The Fed’s path to a ‘Goldilocks’ economy just got more complicated

A ‘help wanted’ sign is displayed in the window of a Manhattan store on December 02, 2022 in New York City.

Spencer Platt | Getty Images

As far as jobs reports go, November wasn’t exactly what the Federal Reserve was looking for.

A higher-than-expected payrolls number and a tepid wage reading that was twice what Wall Street had predicted only added to the dangerous tightrope the Fed must navigate.

In normal times, a strong job market and rising workers’ wages would be considered upper-class problems. But as long as the central bank seeks to curb persistent and rampant inflation, this is a very good thing.

“The Fed is unlikely to take its foot off the gas at this point for fear that inflation expectations will rise higher,” Jefferies chief financial economist Aneta Markowska wrote in a post-nonfarm payrolls analysis following most of the Wall Street Friday. “Wage growth has remained steady with inflation near 4%, and this shows how much more work the Fed still needs to do.”

Payrolls grew by 263,000 in November, ahead of the 200,000 Dow Jones estimate. Wages rose 0.6% on the month, double estimates, while 12-month average hourly earnings accelerated 5.1%, above the 4.6% forecast.

All of those things together add up to a prescription for more of the same for the Fed — continued interest rate hikes, even if it’s a little less than the three-quarters of a percentage point at each meeting that the central bank runs. bank since June.

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Little impact on policy measures

The numbers show that the 3.75 percentage point rate hike currently has little impact on labor market conditions.

“We have yet to see the impact of Fed policy on the labor market, and that’s about whether the Fed is looking at job growth as a key indicator of their efforts,” said Elizabeth Crofoot, senior economist at Lightcast. , a labor market. analytics company.

Much of the Street’s analysis after the report was viewed through the prism of comments made by Fed Chairman Jerome Powell on Wednesday. The central bank chief outlined a set of criteria he’s watching for signs of when inflation will drop.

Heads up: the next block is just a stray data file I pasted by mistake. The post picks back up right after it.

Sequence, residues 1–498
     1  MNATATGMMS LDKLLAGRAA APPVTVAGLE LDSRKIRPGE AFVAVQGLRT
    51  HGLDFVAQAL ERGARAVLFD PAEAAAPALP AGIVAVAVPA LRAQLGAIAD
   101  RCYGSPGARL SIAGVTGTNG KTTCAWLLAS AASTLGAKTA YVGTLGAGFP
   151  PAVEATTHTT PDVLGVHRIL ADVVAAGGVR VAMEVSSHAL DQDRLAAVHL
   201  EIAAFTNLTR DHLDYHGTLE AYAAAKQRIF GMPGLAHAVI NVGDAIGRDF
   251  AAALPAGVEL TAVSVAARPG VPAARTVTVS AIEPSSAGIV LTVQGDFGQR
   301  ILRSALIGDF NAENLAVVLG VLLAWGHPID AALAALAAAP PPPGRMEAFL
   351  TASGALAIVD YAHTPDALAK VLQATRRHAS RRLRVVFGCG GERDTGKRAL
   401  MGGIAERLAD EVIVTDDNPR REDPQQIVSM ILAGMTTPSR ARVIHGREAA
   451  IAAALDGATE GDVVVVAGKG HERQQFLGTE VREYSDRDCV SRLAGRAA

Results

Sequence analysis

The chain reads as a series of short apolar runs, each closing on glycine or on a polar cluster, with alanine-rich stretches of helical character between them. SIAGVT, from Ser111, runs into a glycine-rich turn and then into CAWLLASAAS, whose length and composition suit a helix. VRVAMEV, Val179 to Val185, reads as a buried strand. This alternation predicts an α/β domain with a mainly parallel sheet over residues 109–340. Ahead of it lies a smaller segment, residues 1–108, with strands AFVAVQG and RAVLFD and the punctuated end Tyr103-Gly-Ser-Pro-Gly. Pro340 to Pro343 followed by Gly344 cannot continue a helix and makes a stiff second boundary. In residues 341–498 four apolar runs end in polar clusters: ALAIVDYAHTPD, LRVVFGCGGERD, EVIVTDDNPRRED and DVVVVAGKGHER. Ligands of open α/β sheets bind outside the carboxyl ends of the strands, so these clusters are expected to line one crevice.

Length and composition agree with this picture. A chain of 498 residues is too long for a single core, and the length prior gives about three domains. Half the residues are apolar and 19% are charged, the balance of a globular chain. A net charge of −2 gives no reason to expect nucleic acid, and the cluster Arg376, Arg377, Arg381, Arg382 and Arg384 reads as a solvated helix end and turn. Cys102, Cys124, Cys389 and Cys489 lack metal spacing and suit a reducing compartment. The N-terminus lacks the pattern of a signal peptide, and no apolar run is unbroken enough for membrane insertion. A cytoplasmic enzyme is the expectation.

These include supply chain issues, housing growth, and labor costs, especially wages. He also made caveats on some issues, such as his focus on inflation minus housing services, which he thinks will pay for itself next year.

“The labor market, which is particularly important for inflation in core services ex housing, shows only tentative signs of rebalancing, and wage growth remains above the level consistent with 2 percent inflation over time,” Powell said. “Despite some good developments, we have a long way to go to restore price stability.”

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In a speech at the Brookings Institution, he said he hopes the Fed will cut the size of its rate hikes – the part that markets seem to be hearing as grounds for a post-Powell rally. He added that the Fed may have to take rates higher than previously thought and leave them there for a long time, which is the part the market seems to be ignoring.

“The November employment report … is exactly what Chair Powell told us earlier this week that she was most concerned about,” said Joseph LaVorgna, chief US economist at SMBC Nikko Securities. “Wages are rising more than productivity, while labor supply continues to decline. To restore labor demand and supply, monetary policy must become tighter and stay there for a long time. “

The path of ‘Goldilocks’

Of course, all is not lost.

Powell said he still sees a path to a “soft landing” for the economy. That outcome may seem like nothing short of a recession or just a shallow one, yet accompanied by a long period of low-trend growth and at least some upward pressure on unemployment.

Getting there, however, will likely require almost a perfect storm of circumstances: A reduction in labor demand without massive layoffs, continued easing of supply chain bottlenecks, a cessation of hostilities in Ukraine and a change in housing costs, especially rents. .

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From a purely labor market perspective, that means an eventual downshift of perhaps 175,000 new jobs a month — the 2022 average is 392,000 — with an annual salary income in the 3.5% range.

There are some signs that the labor market is cooling. The Labor Department’s household survey, which is used to calculate the unemployment rate, showed a decrease of 138,000 in those who said they were working. Some economists think the household survey and the establishment survey, which count jobs instead of workers, could soon merge and show a more bleak job picture.

“The biggest disappointment is the strong wage growth,” Mark Zandi, chief economist at Moody’s Analytics, said in an interview. “We’ve been at 5% since the beginning of the year. We’re not going anywhere fast, and that has to come down. That’s the thing we should be most concerned about.”

Still, Zandi said he doubts Powell was too upset by Friday’s numbers.

“The outlook for inflation, while uncertain at best, has a path forward consistent with the Goldilocks scenario,” Zandi said. “263,000 versus 200,000 – that’s not a meaningful difference.”


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